Locsin: Diplomatic protests sent to China over violations of int'l law, Philippine sovereignty

Ratziel San Juan - Philstar.com
Locsin: Diplomatic protests sent to China over violations of int'l law, Philippine sovereignty
In this Oct. 18, 2018 photo, Foreign Affairs Secretary Teodoro Locsin Jr. arrives at the Europa Building in Brussels, Belgium for the opening ceremony of the 12th Asia-Europe Meeting Summit. Read more at htIn this Oct. 18, 2018 photo, Foreign Affairs Secretary Teodoro Locsin Jr. arrives at the Europa Building in Brussels, Belgium for the opening ceremony of the 12th Asia-Europe Meeting Summit.
Presidential Photo, File

MANILA, Philippines — Foreign Affairs Secretary Teodoro Locsin Jr. on Wednesday evening said that two diplomatic protests have been filed today at the local Chinese embassy, namely "the pointing of a radar gun at a Philippine Navy ship in [Philippine] waters" and "declaring parts of Philippine territory as part of Hainan province."

The country's top diplomat did not expound on the details of either incident but said that both constitute "violations of international law and Philippine sovereignty."

“[W]e worked on this the whole day. And that is all that will be said on it because diplomatic notes are strictly confidential between the two states parties. Period,” Locsin posted on social media Wednesday evening.

“I expect that no one else in the government will comment on it because they are not competent to do it. Only the president himself can reveal these notes of his alter ego the Secretary of Foreign Affairs and rule thereon.”

China Global Television Network has reported that Beijing has established two districts to administer the Paracel and Spratlys under Sansha City in Hainan.

Over the global coronavirus pandemic, the Philippines has maintained strong ties with China — the 'ground zero' of the virus that causes COVID 19.

RELATED: Chinese medical experts find Philippines at risk of inability to cut COVID-19 source

Last month, President Rodrigo Duterte said that he is open to accepting China's offer of help and highlighted their government's outbreak response.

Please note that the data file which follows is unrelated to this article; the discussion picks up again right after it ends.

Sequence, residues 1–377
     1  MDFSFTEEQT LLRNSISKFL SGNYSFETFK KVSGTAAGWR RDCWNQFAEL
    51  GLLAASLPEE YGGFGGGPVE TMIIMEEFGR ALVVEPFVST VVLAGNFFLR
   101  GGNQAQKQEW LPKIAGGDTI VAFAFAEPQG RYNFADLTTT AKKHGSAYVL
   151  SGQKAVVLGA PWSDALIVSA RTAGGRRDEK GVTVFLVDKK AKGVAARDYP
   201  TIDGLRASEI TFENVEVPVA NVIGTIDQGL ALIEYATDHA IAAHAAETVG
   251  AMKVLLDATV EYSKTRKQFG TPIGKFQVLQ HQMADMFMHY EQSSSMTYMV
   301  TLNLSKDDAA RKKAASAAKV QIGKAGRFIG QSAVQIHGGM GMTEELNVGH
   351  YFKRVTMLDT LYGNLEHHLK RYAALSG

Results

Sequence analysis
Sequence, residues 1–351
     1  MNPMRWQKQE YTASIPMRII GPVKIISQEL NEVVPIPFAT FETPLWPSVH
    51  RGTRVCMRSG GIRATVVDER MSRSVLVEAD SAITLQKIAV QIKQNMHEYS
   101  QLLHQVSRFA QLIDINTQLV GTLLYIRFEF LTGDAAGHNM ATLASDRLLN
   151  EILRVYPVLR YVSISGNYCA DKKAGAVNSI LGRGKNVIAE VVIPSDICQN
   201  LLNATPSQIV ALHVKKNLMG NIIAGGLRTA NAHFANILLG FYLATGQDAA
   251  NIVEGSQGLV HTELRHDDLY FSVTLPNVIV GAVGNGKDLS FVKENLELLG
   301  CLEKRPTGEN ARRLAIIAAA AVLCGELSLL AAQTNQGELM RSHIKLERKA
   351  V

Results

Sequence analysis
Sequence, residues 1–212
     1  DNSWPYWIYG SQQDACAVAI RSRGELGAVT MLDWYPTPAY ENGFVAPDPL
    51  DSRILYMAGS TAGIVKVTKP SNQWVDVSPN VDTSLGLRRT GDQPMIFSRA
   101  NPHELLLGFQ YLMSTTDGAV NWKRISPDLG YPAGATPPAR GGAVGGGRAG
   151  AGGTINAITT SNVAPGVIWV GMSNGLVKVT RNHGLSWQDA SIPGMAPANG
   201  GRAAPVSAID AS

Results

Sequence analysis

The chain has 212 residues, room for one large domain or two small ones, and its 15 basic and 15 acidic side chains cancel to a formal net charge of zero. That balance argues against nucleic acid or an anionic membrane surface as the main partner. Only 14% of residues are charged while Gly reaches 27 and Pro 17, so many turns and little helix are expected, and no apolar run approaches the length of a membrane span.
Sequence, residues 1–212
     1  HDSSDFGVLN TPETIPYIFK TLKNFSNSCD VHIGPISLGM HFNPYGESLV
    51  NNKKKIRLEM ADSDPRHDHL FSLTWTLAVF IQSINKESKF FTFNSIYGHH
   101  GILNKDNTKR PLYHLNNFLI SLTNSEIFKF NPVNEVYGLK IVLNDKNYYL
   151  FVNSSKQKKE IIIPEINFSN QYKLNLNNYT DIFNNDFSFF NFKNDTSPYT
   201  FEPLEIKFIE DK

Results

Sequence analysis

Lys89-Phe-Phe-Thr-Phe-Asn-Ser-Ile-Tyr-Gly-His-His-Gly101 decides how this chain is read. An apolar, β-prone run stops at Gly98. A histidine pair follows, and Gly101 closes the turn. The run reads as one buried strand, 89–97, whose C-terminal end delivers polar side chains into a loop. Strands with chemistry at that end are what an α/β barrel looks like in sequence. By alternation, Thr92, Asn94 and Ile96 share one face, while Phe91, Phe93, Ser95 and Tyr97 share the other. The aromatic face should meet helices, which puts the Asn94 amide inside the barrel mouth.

“Ako ang tingin ko (In my opinion), maybe there will be a time if things deteriorate that I have to call on China to help,” Duterte said in a March 12 address.

"So to the Chinese government, to the people, especially to president Xi Jinping, thank you for the consoling words. And maybe I hope it would not reach to that point, but maybe we will need your help. Salamat po (Thank you)."

RELATED: Duterte says he might seek China’s help on COVID-19 outbreak 

A day before the Philippines reported its first confirmed case of the novel coronavirus, Duterte also told reporters that he is not yet willing to ban flights between the country and China.

“Not yet at this time. As a matter of fact, there is no known transmission from human to human na galing (originating in) China...Mahirap ‘yang ano — sabihin mo (That’s difficult because) you suspend everything because they are not also suspending theirs and they continue to respect the freedom flights that we enjoy in their country,” Duterte said in a January 29 interview.

China has maritime disputes in the resource-rich South China Sea with the Philippines, Taiwan, Vietnam, Malaysia and Brunei. Over $5 trillion in trade passes yearly through the waterway.

At the height of the global health crisis, China also reportedly began building new facilities on Philippine-claimed terrorities in the West Philippine Sea.

RELATED: With world busy fighting coronavirus, China quietly builds installations on Philippine-claimed reefs

Meanwhile, Sen. Risa Hontiveros said that the rising power owes the Philippines billions in environmental damage and should start paying reparations that would help fund the local COVID-19 response.

“According to reports, China owes us at least P200B in reparations for its damage of reef ecosystems in the [West Philippine] Sea for more than 6 years now. China should stop its adventurism in the region, and pay reparations to the [Philippines] immediately,” the senator posted Wednesday.

“Our government already has a huge budget deficit because of COVID-19. Thus, it should demand what is rightfully ours, and use this to strengthen our health system, to increase the aid given to low-middle-income families, and to help [Filipinos] recover post-COVID.”

The Chinese Embassy in the Philippines, however, responded indirectly to Hontiveros, saying that China does not need to shoulder the Philippine government's COVID-19-related expenses.

“China and the Philippine are working closely to fight the common threat of the COVID-19 pandemic. At this trying time, it is ridiculously absurd and irresponsible to make such remarks for the sole purpose of catching eyeballs and for selfish political gains,” the embassy posted Wednesday night.

“China and the Philippines are friendly neighbors across the sea. China will continue to provide our support and assistance to the best of our ability to the Philippines, and stand together with the Philippine government and people to jointly tackle the challenges and tide over the difficulties.”

Presidential spokesperson Harry Roque last week said that as China's "BFF," the Philippines would hopefully be prioritized if the former develops a cure for the novel coronavirus.

RELATED: Palace hopes 'BFF' China will prioritize Philippines once it develops COVID-19 vaccine

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